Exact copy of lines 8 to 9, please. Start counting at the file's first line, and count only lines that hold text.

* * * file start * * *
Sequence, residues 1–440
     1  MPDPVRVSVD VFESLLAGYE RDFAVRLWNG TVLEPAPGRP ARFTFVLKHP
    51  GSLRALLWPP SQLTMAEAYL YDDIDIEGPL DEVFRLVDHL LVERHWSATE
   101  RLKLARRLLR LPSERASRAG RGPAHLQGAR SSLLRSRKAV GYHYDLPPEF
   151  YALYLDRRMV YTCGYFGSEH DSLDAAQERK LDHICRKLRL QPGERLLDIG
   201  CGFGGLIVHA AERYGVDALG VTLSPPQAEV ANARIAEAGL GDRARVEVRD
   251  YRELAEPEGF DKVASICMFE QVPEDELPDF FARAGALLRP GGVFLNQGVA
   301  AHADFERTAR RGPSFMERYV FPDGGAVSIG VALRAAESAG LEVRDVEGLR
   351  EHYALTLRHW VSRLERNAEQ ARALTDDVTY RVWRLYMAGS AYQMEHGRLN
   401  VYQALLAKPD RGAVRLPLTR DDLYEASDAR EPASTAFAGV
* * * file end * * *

   301  AHADFERTAR RGPSFMERYV FPDGGAVSIG VALRAAESAG LEVRDVEGLR
   351  EHYALTLRHW VSRLERNAEQ ARALTDDVTY RVWRLYMAGS AYQMEHGRLN